Two and a half years ago Cat and her partner Sam met for the first time and shortly after moved to a tiny village in the Portuguese mountains. They try to grow our own food, make their own medicine and craft things. They’ve also grown a tiny human meanwhile, and raise her in close relation to the earth and the rhythms of seasons. We had a chat to Cat and asked her some questions about family life…
Dear Cat, tell us about who you are and what you do.
I was born and raised in a small town surrounded by golden fields – my favorite childhood memories are roaming the fields by bicycle and creating magical realms amongst the cork trees together with my best friend. I switched that place for the capital at the age of eighteen to study Fine Arts. But Nature’s call was so loud – one month after finishing my studies I moved out into the woods to this small village with Sam, whom I had just met while sleeping over in Brussels! The last couple years here have been magical. We’ve created a slow life, a very simple one. We never have a lot of money to call our own, but we live in abundance in many ways. We garden, build, study plants, keep chickens, make things with our hands, host volunteers, parent. With the help of Sam’s father, we’ve just opened a guest house an hour away from us and are hoping this will help us live with more support.
How did you arrive at your beautiful home in central Portugal?
That was very fortunate – and simple! Both of us wanted to live in the wild, or as wild as it could get. My father’s parents lived in a tiny village in the mountains their whole lives, until both deceased some years ago. We used to come here as a family when I was younger, so I always kept this place close to my heart… Lately, when I made the decision to leave the city, it was the obvious place to go. It was free, beautiful, and carried a deep rooted respect for my ancestors. Sam was absolutely pleased with the idea too. With the years passing, the village has become semi-abandoned. There are only twenty very old persons living here! When we first arrived, we settled in my grandparents’ house, inside the village. It felt…unfamiliar. The house itself is quite small, but is full of little rooms. The floorings are old and breaking down. It’s too close to the road that crosses the village. After all, it wasn’t quite exactly the place we wanted to create our home in. My grandparents had several little pieces of land around the village. The largest of them is kind of inside the village, but spreads to the outskirts of it. While doing the recognition of it, suddenly there it was. A tiny stone house in such a good state. It was the place where they stored their corn, their oxen, and later their potatoes, which is how I remembered it – the potato house! We went in. It was empty, had a cracked door and an old plank of wood covering the window. On the ground floor was a mix of old agricultural tools, rotten wood, a rusty bike and so much straw. We looked at each other and said “This is the place”. The thing that captivated us about it was the possibility of starting something from zero (not in a house that done by someone else and “complete”, with electricity and running water, and not really chosen by us). And here, the proximity to the land! Stepping out of the door means stepping in the garden. All the straw on the ground floor became our very first compost!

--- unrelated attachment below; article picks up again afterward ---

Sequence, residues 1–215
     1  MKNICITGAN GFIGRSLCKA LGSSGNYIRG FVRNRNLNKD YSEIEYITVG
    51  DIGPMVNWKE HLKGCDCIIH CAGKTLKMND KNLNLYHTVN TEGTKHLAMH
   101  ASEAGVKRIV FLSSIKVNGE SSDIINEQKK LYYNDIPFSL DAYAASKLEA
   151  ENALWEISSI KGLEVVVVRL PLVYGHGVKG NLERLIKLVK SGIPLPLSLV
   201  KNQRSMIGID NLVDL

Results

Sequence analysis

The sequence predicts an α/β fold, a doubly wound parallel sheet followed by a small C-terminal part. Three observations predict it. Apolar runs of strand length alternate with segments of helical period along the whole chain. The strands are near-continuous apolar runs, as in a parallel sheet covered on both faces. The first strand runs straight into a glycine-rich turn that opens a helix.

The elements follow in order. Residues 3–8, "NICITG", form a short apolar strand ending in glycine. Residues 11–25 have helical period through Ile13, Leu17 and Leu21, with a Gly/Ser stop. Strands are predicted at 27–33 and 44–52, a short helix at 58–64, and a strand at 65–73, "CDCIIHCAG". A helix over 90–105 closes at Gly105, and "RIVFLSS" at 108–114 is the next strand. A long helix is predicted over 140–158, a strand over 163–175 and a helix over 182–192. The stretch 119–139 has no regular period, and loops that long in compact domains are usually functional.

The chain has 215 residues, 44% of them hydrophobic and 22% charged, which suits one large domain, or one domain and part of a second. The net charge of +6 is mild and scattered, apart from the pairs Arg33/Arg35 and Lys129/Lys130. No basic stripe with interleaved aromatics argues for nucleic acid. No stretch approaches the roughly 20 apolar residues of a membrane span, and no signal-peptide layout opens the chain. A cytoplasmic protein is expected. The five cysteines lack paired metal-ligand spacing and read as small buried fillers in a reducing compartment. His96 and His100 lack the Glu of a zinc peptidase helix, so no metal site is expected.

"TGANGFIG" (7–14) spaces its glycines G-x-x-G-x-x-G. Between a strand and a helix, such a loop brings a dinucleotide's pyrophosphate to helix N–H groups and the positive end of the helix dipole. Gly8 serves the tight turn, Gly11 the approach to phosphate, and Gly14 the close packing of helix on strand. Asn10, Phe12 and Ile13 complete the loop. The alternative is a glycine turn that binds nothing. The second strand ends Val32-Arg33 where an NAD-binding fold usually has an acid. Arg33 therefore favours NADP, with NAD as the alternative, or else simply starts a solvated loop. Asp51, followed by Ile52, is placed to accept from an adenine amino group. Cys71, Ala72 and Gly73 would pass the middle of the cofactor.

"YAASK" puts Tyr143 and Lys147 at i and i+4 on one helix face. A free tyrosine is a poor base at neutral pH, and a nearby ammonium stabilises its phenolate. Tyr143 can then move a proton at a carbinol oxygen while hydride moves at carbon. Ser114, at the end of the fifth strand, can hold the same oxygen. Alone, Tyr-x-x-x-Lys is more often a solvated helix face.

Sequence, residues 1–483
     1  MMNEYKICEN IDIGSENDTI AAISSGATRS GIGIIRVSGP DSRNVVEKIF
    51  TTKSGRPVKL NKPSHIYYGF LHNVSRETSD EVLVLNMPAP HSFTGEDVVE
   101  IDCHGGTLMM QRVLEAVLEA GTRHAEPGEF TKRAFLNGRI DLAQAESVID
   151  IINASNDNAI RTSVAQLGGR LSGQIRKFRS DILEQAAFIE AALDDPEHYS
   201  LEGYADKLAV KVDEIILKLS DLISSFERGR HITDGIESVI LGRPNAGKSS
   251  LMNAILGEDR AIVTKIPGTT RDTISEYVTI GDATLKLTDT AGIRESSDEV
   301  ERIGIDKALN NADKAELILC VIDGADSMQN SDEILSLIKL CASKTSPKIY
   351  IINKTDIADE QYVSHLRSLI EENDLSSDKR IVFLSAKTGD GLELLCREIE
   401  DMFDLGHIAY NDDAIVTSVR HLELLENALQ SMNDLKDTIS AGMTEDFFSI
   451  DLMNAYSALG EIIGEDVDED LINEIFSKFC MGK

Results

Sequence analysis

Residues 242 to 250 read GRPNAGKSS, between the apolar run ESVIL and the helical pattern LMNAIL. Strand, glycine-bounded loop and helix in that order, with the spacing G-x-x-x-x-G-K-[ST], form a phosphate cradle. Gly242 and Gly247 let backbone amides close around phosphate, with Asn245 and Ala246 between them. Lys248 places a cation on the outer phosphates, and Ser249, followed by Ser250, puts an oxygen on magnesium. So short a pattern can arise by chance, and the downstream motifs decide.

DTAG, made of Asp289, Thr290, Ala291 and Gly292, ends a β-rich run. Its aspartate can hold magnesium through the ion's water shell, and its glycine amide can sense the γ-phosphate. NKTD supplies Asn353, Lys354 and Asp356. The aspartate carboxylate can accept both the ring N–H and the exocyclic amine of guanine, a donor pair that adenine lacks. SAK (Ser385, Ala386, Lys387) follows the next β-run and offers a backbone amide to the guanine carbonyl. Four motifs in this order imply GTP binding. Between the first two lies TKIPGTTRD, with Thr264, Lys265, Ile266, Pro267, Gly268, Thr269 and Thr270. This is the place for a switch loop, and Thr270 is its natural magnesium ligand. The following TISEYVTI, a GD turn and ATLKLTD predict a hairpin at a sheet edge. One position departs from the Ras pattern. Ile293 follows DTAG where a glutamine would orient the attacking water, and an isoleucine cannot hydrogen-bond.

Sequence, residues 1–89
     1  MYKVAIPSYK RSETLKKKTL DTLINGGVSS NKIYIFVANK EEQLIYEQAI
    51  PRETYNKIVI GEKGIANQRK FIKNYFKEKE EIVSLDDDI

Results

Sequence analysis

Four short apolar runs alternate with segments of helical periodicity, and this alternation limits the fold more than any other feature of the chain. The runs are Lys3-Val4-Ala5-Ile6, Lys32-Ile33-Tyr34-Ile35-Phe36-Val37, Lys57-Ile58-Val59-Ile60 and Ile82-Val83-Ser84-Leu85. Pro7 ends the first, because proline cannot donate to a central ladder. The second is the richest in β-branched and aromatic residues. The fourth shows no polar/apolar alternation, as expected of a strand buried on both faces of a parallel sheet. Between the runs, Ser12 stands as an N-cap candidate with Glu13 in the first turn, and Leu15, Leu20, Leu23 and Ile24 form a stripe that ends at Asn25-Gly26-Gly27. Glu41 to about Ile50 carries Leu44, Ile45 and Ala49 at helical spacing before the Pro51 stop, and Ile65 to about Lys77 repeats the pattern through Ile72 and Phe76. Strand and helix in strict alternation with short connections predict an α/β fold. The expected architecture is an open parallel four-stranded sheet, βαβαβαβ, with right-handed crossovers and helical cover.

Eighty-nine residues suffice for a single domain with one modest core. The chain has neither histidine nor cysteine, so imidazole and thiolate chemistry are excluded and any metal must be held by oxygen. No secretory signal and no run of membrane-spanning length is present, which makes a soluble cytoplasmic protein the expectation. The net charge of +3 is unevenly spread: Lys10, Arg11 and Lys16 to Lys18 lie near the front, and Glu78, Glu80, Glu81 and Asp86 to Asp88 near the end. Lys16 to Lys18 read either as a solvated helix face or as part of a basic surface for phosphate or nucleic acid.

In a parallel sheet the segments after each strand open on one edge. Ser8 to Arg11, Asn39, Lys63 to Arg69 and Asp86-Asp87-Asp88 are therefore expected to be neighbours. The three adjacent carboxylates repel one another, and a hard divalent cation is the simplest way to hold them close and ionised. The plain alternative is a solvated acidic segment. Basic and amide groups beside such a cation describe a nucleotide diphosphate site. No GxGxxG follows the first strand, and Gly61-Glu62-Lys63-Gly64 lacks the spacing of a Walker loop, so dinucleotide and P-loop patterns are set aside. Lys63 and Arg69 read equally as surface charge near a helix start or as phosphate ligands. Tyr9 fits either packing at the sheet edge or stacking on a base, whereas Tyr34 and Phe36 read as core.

Would you tell us a story about your house and your life in it?